2/11/2018: Introduction

Before delving into this ongoing analysis of online rhetoric (regarding Do-It-Yourself cassette labels), I will provide a (hopefully) brief summary of what spawned this project:

Almost two months ago, I decided to start my own DIY cassette label (http://badcakerecords.bandcamp.com ) because I had grown tired of my music being rejected/completely ignored by countless other online cassette labels. Being that I had spent a near-inordinate amount of time studying their methods and practices, I felt I could both utilize the aspects that seemed to be working for them and cut out what I felt was hindering their success:

3 basic practices that seem to work for most DIY labels:

1. Constant online presence on as many platforms as possible (the most useful being: Bandcamp, Twitter, Facebook, and Instagram)
2. Releasing albums in batches of 3-5 (as opposed to releasing one album at a time)
3. Getting reviewed by DIY music blogs ( http://tabsout.com or http://cassettegods.blogspot.com being two sites that underground musicians strive to be mentioned on)

3 basic practices that seem to work against most DIY labels

1. Automated email messages that advertise new releases (I'm not sure how this effects other people, but I delete these as soon as they appear in my mailbox--being that I check in on the labels I purchase albums from on a pretty regular basis)
2. Stringent aesthetics (meaning the label only releases a very specific sub-genre of music)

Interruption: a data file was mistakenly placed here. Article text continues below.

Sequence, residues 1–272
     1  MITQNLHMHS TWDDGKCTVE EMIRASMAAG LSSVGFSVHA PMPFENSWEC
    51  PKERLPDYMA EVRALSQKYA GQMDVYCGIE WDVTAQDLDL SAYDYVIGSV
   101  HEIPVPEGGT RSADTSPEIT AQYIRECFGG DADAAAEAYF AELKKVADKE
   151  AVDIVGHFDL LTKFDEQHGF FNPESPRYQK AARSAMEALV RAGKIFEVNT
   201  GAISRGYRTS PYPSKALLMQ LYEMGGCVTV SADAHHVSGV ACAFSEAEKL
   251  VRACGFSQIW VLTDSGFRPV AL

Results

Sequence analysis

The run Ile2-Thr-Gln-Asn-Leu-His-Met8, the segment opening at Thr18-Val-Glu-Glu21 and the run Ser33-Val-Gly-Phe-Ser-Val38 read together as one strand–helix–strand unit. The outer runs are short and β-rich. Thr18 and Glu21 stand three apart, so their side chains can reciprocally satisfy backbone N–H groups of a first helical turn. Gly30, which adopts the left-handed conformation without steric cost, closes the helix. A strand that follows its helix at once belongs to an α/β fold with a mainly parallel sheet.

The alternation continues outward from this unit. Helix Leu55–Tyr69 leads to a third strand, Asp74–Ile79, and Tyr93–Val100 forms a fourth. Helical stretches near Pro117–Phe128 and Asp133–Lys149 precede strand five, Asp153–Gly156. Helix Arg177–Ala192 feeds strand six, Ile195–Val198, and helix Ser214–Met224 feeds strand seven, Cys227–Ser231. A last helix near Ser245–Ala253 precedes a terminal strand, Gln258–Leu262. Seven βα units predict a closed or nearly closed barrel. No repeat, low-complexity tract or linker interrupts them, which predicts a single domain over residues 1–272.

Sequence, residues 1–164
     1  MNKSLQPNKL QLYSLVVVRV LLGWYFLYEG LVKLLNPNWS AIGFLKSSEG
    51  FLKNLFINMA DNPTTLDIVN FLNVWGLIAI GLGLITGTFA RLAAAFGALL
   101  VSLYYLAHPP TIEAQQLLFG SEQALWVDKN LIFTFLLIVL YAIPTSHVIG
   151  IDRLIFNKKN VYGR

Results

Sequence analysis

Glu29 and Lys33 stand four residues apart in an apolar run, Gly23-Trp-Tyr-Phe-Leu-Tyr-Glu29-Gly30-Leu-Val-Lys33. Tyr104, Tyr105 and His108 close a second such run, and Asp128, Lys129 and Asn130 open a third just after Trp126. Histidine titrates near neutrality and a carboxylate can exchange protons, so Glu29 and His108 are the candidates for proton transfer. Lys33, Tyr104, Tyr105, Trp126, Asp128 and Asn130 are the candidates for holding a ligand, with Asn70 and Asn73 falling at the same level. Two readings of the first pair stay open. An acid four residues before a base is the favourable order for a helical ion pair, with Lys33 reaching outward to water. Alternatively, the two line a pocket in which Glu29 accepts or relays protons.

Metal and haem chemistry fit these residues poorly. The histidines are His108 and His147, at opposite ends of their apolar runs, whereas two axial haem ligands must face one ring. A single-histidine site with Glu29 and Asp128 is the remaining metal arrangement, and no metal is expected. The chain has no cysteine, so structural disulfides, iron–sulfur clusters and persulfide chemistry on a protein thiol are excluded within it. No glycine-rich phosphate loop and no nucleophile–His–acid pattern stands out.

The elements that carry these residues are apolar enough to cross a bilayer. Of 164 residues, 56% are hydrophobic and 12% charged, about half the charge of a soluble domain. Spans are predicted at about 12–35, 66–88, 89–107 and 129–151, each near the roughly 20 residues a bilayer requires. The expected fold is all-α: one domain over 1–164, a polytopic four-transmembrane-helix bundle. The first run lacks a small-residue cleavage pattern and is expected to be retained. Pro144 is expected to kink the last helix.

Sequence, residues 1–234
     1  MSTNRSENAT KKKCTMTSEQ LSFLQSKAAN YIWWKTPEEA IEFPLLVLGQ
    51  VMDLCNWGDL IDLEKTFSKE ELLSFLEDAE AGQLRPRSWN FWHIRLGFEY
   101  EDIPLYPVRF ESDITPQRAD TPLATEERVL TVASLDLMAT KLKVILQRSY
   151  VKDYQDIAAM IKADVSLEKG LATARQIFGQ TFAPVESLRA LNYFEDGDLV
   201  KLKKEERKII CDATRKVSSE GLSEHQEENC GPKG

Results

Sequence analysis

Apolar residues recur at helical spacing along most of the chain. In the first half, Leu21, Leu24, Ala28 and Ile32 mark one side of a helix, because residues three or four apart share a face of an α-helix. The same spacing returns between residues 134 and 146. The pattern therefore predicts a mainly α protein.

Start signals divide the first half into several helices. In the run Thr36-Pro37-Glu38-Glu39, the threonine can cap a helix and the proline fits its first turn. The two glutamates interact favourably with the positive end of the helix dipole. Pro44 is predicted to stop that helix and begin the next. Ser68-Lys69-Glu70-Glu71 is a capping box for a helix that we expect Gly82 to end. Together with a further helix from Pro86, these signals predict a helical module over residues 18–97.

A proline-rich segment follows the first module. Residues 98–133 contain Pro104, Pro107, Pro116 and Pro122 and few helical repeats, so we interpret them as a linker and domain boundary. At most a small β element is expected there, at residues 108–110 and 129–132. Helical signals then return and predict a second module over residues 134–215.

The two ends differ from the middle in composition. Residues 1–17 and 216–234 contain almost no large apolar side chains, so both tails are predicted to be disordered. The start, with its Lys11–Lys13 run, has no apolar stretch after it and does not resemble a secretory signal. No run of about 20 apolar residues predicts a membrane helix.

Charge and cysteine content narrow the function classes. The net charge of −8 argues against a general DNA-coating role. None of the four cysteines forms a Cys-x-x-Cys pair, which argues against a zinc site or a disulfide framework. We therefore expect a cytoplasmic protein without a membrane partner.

3. Incorporating personal opinions and other unnecessary information into their online presence (mainly via Twitter)

So, based on these observations, I founded Bad Cake Records--which I describe as "a misfit, non-elitist cassette label with no set aesthetic." I release albums in batches of 3 (as often as I am financially able to), maintain a constant presence on Bandcamp/Twitter/Instagram, and I reach out to DIY music blogs. Things have gotten off to pretty decent start--all things considered. I sold $144 worth of cassettes in the first month--which ended up being enough to order another round of cassettes for the next 3 releases I have planned. I have nearly 400 followers on Instagram, and well over 200 on Twitter (which for a fledgling label isn't that bad--considering it's only existed for less than two months). On average, I get about 30-40 "likes" whenever I post a picture or a link to the Bandcamp page. Once in a while, someone retweets a link. This is all fine for now, but obviously I desire a higher level of DIY success for Bad Cake Records.

In order to accomplish this, I will be devoting a good portion of my time this semester intensely studying the online rhetoric of various cassette labels that I admire or at least am aware of (there are plenty that I despise greatly and am completely baffled by how they continue to sell the amount of albums that they do). Also, I will obviously be analyzing my own rhetorical methods.

Some (but not all--being that I'm sure I will think of plenty more as time goes on) aspects of online rhetoric that I will be focusing on:

1. The ethos behind each Twitter/Instagram/Facebook post (self-congratulating/self-mocking/matter-of-fact/indifferent/etc)
2. Obvious/hidden rhetorical fallacies and other rhetorical devices (not just identifying them--but rather delving into their functionality and what responses they conjure [and how those responses ultimately become part of the rhetorical device itself])
3. The marriage of image and text
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